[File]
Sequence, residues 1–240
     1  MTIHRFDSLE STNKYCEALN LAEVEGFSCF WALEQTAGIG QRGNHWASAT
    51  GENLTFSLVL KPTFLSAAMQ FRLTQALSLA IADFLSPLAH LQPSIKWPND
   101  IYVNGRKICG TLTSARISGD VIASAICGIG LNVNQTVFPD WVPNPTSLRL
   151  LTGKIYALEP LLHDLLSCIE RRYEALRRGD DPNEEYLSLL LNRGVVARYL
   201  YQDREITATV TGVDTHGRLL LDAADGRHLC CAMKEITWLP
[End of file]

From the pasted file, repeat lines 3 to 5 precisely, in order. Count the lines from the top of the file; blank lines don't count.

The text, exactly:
    51  GENLTFSLVL KPTFLSAAMQ FRLTQALSLA IADFLSPLAH LQPSIKWPND
   101  IYVNGRKICG TLTSARISGD VIASAICGIG LNVNQTVFPD WVPNPTSLRL
   151  LTGKIYALEP LLHDLLSCIE RRYEALRRGD DPNEEYLSLL LNRGVVARYL